I Asked Putin to 'Step Aside' and Allow Turkey to fight ‘Syrian regime’: Erdogan
Story Code : 847514
Turkish President Recep Tayyip Erdogan has suggested that he had asked Russian President Vladimir Putin to leave Ankara "face to face" with Syrian authorities in the conflict over Idlib during Friday's talks.
"I asked Mr. Putin: 'What's your business there? If you establish a base, do so but get out of our way and leave us face to face with the regime," Erdogan said, speaking to reporters in Istanbul, his comments cited by AFP.
Erdogan also warned that the "Syrian regime" would "pay the price" for the deaths of Turkish troops in Idlib.
Erdogan also confirmed that Turkey had opened its borders with the European Union for Syrian refugees, and that some 18,000 migrants had already crossed the border into the EU. According to the Turkish president, Ankara could not "handle a new refugee wave" from Syria. Earlier, Turkish officials told media that Ankara had opened its borders with the European bloc 'in response' to the escalating conflict in Syria's Idlib.
Putin and Erdogan spoke by telephone amid tensions in Idlib, the restive Syrian province where tens of thousands of militants remain concentrated, and where dozens of Syrian and Turkish troops have now been killed amid weeks of escalating clashes.
Also on Saturday, the Russian Foreign Ministry said the recent talks with Turkey had led to the consideration of "concrete steps" aimed at achieving "lasting stability in the Idlib de-escalation zone."
"Both sides confirmed their goal to reduce tensions on the ground while continuing the fight against terrorists," the Ministry said in a statement.
Earlier, in an emergency meeting of the UN Security Council on the situation in Idlib on Friday, Russian Ambassador to the UN Vasily Nebenzya emphasized that the Syrian Army had every right to eliminate terrorists in Idlib and anywhere else on its sovereign territory.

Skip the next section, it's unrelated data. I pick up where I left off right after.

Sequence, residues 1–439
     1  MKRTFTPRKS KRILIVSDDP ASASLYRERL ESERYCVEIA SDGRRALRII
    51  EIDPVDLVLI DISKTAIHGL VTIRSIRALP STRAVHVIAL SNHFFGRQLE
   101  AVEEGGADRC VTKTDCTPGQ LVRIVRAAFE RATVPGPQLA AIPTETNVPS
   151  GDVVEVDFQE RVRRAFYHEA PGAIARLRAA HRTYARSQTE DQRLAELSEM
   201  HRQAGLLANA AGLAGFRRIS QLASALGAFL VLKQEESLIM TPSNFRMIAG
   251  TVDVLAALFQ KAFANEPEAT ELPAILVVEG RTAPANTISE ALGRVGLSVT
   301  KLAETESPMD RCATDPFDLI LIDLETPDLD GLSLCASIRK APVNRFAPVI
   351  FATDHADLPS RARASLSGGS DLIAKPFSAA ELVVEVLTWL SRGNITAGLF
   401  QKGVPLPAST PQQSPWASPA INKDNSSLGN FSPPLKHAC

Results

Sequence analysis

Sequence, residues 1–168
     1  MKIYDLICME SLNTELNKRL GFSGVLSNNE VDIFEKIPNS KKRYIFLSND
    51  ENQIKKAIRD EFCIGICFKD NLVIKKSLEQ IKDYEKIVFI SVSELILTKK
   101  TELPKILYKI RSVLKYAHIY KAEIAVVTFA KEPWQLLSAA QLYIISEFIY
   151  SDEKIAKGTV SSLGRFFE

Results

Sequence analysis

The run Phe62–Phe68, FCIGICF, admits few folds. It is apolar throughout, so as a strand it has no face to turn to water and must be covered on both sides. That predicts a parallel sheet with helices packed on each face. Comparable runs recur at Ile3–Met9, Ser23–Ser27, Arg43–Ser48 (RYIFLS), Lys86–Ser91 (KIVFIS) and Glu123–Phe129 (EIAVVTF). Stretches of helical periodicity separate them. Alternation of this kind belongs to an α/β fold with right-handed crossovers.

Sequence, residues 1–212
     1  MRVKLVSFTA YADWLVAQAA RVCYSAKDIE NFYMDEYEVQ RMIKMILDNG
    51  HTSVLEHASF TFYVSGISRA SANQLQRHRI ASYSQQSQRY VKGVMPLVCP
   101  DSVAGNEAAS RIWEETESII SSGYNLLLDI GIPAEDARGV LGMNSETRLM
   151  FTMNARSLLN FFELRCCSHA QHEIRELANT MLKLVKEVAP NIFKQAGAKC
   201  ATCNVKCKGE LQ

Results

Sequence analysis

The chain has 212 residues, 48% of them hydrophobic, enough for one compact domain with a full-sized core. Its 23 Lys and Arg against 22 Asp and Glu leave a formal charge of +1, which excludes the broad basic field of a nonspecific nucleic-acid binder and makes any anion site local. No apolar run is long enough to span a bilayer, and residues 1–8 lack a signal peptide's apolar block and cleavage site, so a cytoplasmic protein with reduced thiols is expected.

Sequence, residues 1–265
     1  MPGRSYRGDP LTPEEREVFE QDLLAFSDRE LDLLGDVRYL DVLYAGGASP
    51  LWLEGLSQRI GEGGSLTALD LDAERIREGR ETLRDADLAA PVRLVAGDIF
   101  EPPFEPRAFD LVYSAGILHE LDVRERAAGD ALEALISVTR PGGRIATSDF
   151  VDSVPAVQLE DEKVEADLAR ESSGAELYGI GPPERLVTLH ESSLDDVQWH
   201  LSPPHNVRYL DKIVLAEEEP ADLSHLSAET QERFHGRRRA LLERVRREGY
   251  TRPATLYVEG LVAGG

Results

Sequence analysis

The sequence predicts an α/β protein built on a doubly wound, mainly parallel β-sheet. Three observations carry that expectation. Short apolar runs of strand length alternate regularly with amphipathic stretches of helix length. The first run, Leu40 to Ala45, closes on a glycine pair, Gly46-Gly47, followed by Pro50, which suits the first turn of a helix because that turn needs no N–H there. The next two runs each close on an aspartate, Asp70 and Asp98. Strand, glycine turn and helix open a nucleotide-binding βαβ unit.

"In recent months, the terrorists who captured Idlib, mainly from [al-Nusra] had dramatically increased attacks against civilians in neighbouring settlements and the Syrian military. IN response to the constant violations of the ceasefire inside the Idlib de-escalation zone, the Syrian Army of course has every right to respond and to squash the terrorists," Nebenzya said.
The Russian diplomat stressed that Russia could not restrict Syria from carrying out the requirements on fighting terrorism set out in the UN Security Council's own resolutions, especially since Damascus was doing so on its own territory. He added that he hoped that a return to the Astana agreements could help prevent a repetition of the series of events which led to the deaths of Turkish troops.
For his part, Syrian Ambassador to the UN Bashar al-Jaafari accused Turkey of aggression in Syria on Friday, and alleged that Ankara was using its Idlib observation posts to provide support for terrorism. The diplomat stressed that Syria would do everything necessary to protect its citizens and defend its sovereignty and territorial integrity.
Simmering tensions in the Idlib de-escalation zone escalated again on Thursday, when Nusra terrorists initiated a large-scale attack on Syrian Army positions. Syrian troops returned fire, with at least 33 Turkish troops killed in the response. On Friday, the Russian millitary said the Turkish forces caught in the crossfire should not have been there in the first place.
On Friday, Greek media reported that Athens had vetoed a planned NATO statement expressing solidarity with Ankara over the deaths of the Turkish troops. Greece reportedly made the decision despite opposition from the US, the UK, France and Germany.